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Sri Lanka v India, 2nd Test, Galle

Another test for the slow starters

Dileep Premachandran in Galle

July 30, 2008

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The batting order may have been reworked in the second innings at the SSC, but that's unlikely to happen in Galle © AFP
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As embarrassing as defeat within four days at the SSC may have been, it wasn't entirely unexpected. For all the batting records that India have piled up over the past decade, there has frequently been a tendency to start a series poorly. Whether home or away, the batsmen are slow starters who tend to come into their element once they've had a couple of innings to size up the opposition and the conditions.

The smart money must surely be on Sri Lanka extending their fine record at Galle with a win that will ensure the series. But it would be sheer folly to write off an Indian line-up, unparalleled both in terms of experience and runs, as history suggests. Australia, who've played two memorable series in India this decade, could tell you that much.

Back in 2001, Australia destroyed India inside three days at the Wankhede Stadium in Mumbai, extending their winning streak to 16. Apart from Sachin Tendulkar, who played two brilliant innings, everyone else looked out of their depth in the first Test. At the Eden Gardens in Kolkata a fortnight later, VVS Laxman and Rahul Dravid scripted the partnership of a lifetime to change the course of both the second Test and series.

Three years later, India's batsmen were once again second-best in Bangalore, undone by Australia's superior pace attack. But in the second Test at Chepauk in Chennai, Virender Sehwag's magnificent 155 drove home an advantage established by Anil Kumble's sensational 7 for 48 on the opening day. Australia fought back, but India were still favourites heading into a final day, that was washed out.

Those glitches were at home, but the situation has been no different away. On the last two tours of England, India were thoroughly outplayed at Lord's in the opening Tests of both series. In 2002, Sehwag's 84 was the only saving grace as England established a huge lead. Ajit Agarkar's century in the second innings total of 397 only helped to reduce England's victory margin to 170 runs.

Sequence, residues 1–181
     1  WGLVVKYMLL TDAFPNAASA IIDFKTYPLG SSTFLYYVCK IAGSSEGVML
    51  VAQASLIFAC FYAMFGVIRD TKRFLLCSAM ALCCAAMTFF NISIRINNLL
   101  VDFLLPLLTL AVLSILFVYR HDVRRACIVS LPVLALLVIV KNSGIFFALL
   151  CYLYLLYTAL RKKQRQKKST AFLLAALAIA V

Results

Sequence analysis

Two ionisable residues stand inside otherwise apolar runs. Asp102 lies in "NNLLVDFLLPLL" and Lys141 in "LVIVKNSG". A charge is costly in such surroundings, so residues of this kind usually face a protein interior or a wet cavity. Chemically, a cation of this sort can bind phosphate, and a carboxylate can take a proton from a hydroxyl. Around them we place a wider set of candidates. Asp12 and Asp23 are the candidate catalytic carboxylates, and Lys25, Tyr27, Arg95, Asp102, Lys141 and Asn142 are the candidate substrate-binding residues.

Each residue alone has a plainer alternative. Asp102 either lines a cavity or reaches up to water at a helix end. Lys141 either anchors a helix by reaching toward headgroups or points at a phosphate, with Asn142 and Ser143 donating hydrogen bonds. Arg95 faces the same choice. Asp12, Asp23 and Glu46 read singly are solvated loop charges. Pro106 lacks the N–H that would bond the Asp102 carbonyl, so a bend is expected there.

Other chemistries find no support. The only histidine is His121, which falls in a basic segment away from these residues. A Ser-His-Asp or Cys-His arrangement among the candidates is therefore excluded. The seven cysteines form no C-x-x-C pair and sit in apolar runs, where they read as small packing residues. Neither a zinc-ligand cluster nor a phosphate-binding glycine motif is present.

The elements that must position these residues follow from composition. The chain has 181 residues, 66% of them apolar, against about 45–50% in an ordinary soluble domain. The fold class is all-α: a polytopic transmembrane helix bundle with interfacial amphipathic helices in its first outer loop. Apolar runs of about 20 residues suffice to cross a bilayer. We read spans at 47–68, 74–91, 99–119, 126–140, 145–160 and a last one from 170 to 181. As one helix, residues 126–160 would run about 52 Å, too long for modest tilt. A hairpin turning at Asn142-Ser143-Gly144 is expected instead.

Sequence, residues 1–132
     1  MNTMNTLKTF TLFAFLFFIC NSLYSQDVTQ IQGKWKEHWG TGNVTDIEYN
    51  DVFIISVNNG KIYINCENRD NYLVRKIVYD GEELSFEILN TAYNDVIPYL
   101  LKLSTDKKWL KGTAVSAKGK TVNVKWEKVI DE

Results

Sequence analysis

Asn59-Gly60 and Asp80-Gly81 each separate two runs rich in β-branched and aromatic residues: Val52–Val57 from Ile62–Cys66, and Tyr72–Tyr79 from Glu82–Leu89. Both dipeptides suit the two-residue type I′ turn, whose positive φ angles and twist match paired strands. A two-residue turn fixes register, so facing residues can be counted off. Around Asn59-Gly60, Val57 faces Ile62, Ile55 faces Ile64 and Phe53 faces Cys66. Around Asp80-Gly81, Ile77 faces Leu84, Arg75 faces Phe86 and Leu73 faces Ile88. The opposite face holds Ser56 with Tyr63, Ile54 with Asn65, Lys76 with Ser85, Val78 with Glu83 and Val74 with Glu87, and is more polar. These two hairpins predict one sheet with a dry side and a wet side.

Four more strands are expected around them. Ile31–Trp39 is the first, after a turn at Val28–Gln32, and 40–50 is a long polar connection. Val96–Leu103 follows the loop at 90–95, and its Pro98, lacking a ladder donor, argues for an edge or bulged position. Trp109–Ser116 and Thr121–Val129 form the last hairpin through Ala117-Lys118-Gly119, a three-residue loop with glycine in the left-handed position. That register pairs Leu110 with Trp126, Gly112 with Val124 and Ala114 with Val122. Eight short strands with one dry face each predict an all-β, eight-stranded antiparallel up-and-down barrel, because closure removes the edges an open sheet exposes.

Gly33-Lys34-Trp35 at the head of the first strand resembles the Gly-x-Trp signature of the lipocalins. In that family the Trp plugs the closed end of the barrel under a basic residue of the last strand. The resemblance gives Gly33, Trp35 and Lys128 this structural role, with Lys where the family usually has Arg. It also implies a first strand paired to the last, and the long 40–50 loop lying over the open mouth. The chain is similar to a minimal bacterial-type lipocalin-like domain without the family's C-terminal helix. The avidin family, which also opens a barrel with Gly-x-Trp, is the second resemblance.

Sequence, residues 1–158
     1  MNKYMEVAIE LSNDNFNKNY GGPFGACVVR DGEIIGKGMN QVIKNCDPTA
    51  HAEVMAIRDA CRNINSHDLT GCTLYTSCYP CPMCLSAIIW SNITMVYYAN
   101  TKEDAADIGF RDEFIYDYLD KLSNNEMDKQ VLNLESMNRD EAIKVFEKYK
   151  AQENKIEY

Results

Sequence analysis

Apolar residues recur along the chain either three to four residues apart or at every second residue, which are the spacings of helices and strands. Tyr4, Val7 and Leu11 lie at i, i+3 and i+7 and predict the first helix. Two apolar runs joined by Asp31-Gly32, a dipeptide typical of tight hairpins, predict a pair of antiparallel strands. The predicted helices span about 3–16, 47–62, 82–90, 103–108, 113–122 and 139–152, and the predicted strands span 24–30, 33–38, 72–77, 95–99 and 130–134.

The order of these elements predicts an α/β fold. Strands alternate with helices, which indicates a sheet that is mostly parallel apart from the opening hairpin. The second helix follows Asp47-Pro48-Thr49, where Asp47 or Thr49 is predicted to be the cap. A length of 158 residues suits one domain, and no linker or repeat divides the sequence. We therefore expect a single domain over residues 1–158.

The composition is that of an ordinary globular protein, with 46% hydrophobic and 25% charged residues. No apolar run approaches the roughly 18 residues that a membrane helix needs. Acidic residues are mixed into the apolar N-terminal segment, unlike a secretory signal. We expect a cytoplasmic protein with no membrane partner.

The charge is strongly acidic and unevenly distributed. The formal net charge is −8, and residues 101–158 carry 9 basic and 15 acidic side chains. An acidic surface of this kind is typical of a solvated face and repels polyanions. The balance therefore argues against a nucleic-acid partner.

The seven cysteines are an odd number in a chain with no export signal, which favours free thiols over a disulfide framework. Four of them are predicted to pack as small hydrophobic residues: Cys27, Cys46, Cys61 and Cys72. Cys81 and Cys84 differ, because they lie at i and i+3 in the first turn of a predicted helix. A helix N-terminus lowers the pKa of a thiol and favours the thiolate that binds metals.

In 2007, England built a handy lead, and a dazzling century from Kevin Pietersen then set India a formidable target. It was left to Mahendra Singh Dhoni, aided by bad light and some generous umpiring, to salvage a draw.

Sri Lanka will also be keenly aware of this Indian team's ability to bounce back from dire defeats. On the last tour, India were thrashed by 10 wickets in Galle in the first Test, with a batting line-up missing Tendulkar and Laxman, managing just 187 and 180 in either innings. But in a low-scoring encounter in Kandy that followed, India overcame poor first-innings batting to snatch a famous victory. Dravid made 75, while Sourav Ganguly scored an unbeaten 98.

On the eve of the second Test, Kumble insisted that there would be no panic measures. The batting order may have been reworked in the second innings at the SSC, but that's unlikely to happen here, as well as Laxman batted at times in the first Test. "I have utmost confidence in my batsmen," he said.

With huge series coming up against Australia, England and Pakistan, a crushing defeat in Galle would mean the clamour for change becoming more than a dull buzz. This line-up has done India proud for more than a decade, but with the sand sliding towards the bottom of the timer, none of them will want to leave under ignominious circumstances.

Dileep Premachandran is an associate editor at Cricinfo

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Dileep Premachandran Associate editor Dileep Premachandran gave up the joys of studying thermodynamics and strength of materials with a view to following in the footsteps of his literary heroes. Instead, he wound up at the Free Press Journal in Mumbai, writing on sport and politics before Gentleman gave him a column called Replay. A move to MyIndia.com followed, where he teamed up with Sambit Bal, and he arrived at ESPNCricinfo after having also worked for Cricket Talk and total-cricket.com. Sunil Gavaskar and Greg Chappell were his early cricketing heroes, though attempts to emulate their silken touch had hideous results. He considers himself obscenely fortunate to have watched live the two greatest comebacks in sporting history - India against invincible Australia at the Eden Gardens in 2001, and Liverpool's inc-RED-ible resurrection in the 2005 Champions' League final. He lives in Bangalore with his wife, who remains astonishingly tolerant of his sporting obsessions.
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